BAL Bernard Pierce (Ray Rice)
Pierce will actually start the first two games of the season while Rice is serving his suspension. When Rice returns, Pierce is clearly the backup. If Pierce was to go down in those first couple of weeks, Justin Forsett would be the starter, and some reps would probably go to rookie Lorenzo Taliaferro.
BUF Bryce Brown (Fred Jackson & C.J. Spiller)
This one is a bit tricky as Brown was brought in during the offseason, but Anthony Dixon has run ahead of him throughout preseason. You should be confident that Brown will eventually be the starter if either of Spiller or Jackson gets injured, which is likely to happen.
Buffalo Bills RB Bryce Brown
CIN Jeremy Hill (Giovani Bernard)
Hill is the clear handcuff to "Giodude." BenJarvus Green-Ellis was thought to have this role, but Hill has quickly overtaken him and will be featured as a power-back complement to Bernard.
CLE Terrance West (Ben Tate)
Tate is the starter for now, but he is facing a big challenge from West in camp. Although Tate has performed well so far, West is a great handcuff to own considering Tate's history of injuries.
DEN Ronnie Hillman (Montee Ball)
C.J. Anderson was believed to be the handcuff to own, but Hillman has proved himself thus far in training camp and has been the starter while Ball recovers from an appendectomy. The Broncos just can't quit Hillman. It also didn't help that Anderson suffered a concussion in Denver's first preseason game, limiting his reps to showcase why he should be No. 2.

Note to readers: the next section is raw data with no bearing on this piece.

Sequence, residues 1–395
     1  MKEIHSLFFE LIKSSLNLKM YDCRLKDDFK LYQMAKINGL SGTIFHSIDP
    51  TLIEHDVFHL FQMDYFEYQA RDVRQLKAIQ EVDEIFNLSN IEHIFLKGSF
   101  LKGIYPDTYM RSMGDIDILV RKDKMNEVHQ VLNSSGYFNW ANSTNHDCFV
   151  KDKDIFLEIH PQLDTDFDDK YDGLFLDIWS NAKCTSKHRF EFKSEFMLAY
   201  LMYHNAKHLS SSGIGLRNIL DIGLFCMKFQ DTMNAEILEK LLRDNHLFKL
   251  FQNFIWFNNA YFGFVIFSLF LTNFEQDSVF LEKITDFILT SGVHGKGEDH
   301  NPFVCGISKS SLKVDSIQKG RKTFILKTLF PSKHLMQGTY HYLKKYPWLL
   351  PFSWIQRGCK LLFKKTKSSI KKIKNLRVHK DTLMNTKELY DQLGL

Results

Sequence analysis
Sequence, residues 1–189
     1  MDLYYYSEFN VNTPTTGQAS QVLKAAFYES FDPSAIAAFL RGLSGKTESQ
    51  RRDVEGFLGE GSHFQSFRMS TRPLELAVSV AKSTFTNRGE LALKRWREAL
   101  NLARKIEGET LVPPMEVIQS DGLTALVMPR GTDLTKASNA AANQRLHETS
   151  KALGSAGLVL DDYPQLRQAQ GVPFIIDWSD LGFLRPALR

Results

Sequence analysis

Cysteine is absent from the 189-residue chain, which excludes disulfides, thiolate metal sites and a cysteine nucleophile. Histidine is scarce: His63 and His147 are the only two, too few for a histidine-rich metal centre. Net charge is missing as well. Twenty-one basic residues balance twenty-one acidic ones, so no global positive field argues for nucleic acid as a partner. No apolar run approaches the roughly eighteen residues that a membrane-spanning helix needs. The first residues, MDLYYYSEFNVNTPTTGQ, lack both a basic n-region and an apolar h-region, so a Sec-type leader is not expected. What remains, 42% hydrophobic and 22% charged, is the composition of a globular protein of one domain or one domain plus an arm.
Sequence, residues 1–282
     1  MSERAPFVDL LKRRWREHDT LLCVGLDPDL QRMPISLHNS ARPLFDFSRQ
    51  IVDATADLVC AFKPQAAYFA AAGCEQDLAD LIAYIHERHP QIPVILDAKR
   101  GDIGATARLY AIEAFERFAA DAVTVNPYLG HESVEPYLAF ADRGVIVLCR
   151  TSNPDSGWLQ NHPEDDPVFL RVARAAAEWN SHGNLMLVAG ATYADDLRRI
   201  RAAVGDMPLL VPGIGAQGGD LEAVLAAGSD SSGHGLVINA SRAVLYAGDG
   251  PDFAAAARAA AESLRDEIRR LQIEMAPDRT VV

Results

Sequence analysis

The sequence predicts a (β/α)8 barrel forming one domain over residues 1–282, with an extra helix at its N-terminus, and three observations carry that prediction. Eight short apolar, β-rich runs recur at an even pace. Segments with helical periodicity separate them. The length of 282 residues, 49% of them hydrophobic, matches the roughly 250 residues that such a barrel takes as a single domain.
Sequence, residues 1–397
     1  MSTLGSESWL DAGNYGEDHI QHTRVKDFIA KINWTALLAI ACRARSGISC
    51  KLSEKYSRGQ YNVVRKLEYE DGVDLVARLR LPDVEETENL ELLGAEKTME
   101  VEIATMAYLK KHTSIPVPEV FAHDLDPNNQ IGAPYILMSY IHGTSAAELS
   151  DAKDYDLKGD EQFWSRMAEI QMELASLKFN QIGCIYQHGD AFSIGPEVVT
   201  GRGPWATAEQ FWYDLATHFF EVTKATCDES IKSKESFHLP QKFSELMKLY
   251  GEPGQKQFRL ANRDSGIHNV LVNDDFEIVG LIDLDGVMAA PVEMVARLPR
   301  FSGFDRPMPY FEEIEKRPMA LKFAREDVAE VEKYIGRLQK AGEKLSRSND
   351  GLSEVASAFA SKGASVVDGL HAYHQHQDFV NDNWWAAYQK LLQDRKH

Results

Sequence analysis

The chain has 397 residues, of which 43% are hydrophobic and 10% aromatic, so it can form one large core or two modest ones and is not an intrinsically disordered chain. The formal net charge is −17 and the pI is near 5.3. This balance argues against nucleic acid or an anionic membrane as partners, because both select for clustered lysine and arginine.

HOU Jonathan Grimes (Arian Foster)
The Texans' backfield has played musical chairs in the preseason. Andre Brown was signed in April to be the primary backup. Then he didn't get any reps in the first preseason game and was subsequently cut along with second-year back Dennis Johnson the following week. That leaves Grimes and rookie Alfred Blue on the roster. Grimes got the start in the first preseason game and looked very good. Blue is a six-foot-two power runner, but one with zero receiving touch. The Texans have signed veteran Ronnie Brown,who is 32 years old, and William Powell, a former backup with the Arizona Cardinals. Both backs are unlikely to see much playing time and make the final roster.
If this was a month ago, most would have told you Vick Ballard is the handcuff to Richardson. He tore his Achilles and may never play another game in the NFL. Bradshaw is a very important handcuff, as Richardson's struggles are well-documented, and Bradshaw could very well end up starting games for the Colts this year.
JAX Jordan Todman (Toby Gerhart)
While Todman is the favorite for this gig, it should be noted that our own brilliant Scott Atkins loves him some Denard Robinson and swears he will be a factor in the run game. However, Robinson may not even be above rookie Storm Johnson, let alone Todman, for No. 2 work. However, Robinson has been impressive in the preseason, running behind Todman.
Davis is decent. He's been the primary handcuff to Charles for a season now and has proved he can get the job done when needed. The only real threat to his No. 2 duties is rookie RB De'Anthony Thomas. Thomas is fast. Real fast. He's also had a good training camp and preseason, notably turning on the jets on an 80-yard punt return for a touchdown in the first preseason game. It was impressive to say the least. The only disadvantage Thomas has – and why he may never be a true handcuff – is his small frame of 5-foot-9, 174 pounds. He profiles as more of a sparsely-used offensive weapon rather than an every-down workhorse.